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No apparent trade-offs associated with heat tolerance in a reef-building coral

Lookup NU author(s): Liam Lachs, Dr Adriana Humanes Schumann, Professor John BythellORCiD, Elizabeth Beauchamp, Emeritus Professor Alasdair Edwards, Helios Martinez Da Almeida, Eveline van der Steeg, Dr James Guest



This work is licensed under a Creative Commons Attribution 4.0 International License (CC BY 4.0).


© 2023. The Author(s).As marine species adapt to climate change, their heat tolerance will likely be under strong selection. Yet trade-offs between heat tolerance and other life history traits could compromise natural adaptation or assisted evolution. This is particularly important for ecosystem engineers, such as reef-building corals, which support biodiversity yet are vulnerable to heatwave-induced mass bleaching and mortality. Here, we exposed 70 colonies of the reef-building coral Acropora digitifera to a long-term marine heatwave emulation experiment. We tested for trade-offs between heat tolerance and three traits measured from the colonies in situ - colony growth, fecundity, and symbiont community composition. Despite observing remarkable within-population variability in heat tolerance, all colonies were dominated by Cladocopium C40 symbionts. We found no evidence for trade-offs between heat tolerance and fecundity or growth. Contrary to expectations, positive associations emerged with growth, such that faster-growing colonies tended to bleach and die at higher levels of heat stress. Collectively, our results suggest that these corals exist on an energetic continuum where some high-performing individuals excel across multiple traits. Within populations, trade-offs between heat tolerance and growth or fecundity may not be major barriers to natural adaptation or the success of assisted evolution interventions.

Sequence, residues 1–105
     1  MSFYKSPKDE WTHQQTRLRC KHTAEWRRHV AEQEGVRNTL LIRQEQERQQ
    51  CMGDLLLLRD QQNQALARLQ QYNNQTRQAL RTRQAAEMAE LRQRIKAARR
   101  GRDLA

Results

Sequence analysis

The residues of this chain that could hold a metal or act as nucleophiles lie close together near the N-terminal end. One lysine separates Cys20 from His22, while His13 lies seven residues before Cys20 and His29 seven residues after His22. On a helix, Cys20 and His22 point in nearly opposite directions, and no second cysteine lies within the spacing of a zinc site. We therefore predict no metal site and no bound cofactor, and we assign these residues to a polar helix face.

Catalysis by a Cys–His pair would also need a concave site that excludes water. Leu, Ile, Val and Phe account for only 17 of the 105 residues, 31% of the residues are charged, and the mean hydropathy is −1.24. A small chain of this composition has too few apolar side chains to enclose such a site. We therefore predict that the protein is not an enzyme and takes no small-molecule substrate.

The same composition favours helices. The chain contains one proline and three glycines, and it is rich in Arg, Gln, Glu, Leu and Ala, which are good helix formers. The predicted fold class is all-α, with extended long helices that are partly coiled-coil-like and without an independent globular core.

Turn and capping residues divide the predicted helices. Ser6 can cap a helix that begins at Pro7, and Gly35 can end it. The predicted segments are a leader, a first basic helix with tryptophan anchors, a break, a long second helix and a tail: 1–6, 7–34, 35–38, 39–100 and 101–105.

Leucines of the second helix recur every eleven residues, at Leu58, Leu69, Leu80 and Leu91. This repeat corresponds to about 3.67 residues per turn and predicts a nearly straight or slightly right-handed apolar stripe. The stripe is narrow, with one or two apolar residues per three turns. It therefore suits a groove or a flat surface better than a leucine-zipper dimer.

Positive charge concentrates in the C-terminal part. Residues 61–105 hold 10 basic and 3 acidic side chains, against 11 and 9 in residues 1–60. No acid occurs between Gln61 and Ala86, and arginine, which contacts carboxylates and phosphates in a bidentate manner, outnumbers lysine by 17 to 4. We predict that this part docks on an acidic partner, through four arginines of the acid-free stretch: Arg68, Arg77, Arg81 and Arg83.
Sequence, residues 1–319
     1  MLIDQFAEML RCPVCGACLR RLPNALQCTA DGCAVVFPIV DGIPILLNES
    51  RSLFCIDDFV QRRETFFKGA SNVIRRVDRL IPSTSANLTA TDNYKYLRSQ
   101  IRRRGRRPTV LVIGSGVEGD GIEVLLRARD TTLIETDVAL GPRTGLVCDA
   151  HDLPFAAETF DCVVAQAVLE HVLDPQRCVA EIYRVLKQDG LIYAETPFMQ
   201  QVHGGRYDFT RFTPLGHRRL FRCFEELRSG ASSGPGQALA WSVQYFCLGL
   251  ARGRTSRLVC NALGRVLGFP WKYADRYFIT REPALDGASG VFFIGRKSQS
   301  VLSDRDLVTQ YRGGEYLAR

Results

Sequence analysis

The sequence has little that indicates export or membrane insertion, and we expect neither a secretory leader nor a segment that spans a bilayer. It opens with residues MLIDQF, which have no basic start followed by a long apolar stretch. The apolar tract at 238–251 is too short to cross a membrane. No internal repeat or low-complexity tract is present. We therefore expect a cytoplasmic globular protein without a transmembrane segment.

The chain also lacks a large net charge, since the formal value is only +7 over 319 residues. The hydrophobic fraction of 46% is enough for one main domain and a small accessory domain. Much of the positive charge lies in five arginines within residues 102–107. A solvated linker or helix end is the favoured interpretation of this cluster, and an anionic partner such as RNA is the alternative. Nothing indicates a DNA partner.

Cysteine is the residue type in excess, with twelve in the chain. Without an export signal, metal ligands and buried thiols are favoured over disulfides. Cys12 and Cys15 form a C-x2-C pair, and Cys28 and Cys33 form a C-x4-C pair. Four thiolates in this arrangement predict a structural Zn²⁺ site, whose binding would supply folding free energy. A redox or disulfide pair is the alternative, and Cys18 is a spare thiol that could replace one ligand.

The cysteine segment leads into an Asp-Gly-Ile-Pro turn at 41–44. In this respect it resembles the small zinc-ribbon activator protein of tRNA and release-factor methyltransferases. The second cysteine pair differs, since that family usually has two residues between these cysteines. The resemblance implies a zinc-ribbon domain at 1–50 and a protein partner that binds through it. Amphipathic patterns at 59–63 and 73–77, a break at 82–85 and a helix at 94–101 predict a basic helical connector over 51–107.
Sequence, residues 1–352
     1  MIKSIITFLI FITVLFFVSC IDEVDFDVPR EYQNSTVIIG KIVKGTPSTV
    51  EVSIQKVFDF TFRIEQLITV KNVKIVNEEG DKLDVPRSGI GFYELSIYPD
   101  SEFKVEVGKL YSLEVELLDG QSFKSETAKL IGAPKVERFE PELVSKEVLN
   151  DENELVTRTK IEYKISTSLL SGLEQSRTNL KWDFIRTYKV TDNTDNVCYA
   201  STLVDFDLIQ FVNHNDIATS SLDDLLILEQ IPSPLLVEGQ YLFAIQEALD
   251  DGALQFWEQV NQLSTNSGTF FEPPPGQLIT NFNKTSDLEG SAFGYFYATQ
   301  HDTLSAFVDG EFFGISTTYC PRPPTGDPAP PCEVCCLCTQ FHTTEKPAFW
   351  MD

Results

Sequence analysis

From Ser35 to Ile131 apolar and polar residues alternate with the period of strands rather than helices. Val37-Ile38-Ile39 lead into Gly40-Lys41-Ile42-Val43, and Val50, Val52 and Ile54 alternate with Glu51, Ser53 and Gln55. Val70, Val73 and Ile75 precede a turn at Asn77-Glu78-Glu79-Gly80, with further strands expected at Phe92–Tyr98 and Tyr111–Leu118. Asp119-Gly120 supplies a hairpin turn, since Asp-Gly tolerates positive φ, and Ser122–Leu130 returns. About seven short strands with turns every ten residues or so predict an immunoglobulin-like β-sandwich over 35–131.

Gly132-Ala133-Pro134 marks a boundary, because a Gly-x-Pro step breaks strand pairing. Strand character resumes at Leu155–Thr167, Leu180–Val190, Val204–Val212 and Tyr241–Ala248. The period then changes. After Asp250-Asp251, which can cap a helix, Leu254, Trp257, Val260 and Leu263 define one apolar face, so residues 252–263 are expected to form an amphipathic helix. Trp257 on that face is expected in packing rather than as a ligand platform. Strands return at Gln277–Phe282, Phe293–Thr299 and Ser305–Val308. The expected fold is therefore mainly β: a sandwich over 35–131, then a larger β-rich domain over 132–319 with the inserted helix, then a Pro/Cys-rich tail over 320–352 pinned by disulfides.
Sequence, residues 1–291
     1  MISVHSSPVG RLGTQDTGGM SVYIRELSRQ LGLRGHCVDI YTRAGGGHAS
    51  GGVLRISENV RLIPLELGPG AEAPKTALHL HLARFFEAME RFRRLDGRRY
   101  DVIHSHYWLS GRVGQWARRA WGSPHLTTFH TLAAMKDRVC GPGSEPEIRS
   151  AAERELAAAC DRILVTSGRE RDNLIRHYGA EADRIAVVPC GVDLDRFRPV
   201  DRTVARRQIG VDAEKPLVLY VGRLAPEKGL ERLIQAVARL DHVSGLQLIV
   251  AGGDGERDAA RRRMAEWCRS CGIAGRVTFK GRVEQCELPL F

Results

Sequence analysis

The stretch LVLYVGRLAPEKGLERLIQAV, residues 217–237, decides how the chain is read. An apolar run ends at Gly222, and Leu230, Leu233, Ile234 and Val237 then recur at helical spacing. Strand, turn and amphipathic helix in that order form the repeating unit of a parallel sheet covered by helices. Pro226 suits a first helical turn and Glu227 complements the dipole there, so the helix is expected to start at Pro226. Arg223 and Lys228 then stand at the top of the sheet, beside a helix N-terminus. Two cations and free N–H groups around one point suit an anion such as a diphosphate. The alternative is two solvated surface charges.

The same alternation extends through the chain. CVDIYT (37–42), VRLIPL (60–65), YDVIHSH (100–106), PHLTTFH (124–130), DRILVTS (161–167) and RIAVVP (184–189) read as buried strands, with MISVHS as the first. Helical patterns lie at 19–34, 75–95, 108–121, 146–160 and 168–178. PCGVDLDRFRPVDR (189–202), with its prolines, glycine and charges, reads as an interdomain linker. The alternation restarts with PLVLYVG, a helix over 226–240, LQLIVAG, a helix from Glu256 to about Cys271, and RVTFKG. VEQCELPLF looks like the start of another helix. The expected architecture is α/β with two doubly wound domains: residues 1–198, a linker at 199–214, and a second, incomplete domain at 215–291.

Publication metadata

Author(s): Lachs L, Humanes A, Pygas DR, Bythell JC, Mumby PJ, Ferrari R, Figueira WF, Beauchamp E, East HK, Edwards AJ, Golbuu Y, Martinez HM, Sommer B, van der Steeg E, Guest JR

Publication type: Article

Publication status: Published

Journal: Communications Biology

Year: 2023

Volume: 6

Issue: 1

Online publication date: 12/04/2023

Acceptance date: 24/03/2023

Date deposited: 04/05/2023

ISSN (electronic): 2399-3642

Publisher: Nature Publishing Group


DOI: 10.1038/s42003-023-04758-6

PubMed id: 37046074


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Funder referenceFunder name
725848Commission of the European Communities
NE/S007512/1Natural Environment Research Council (NERC)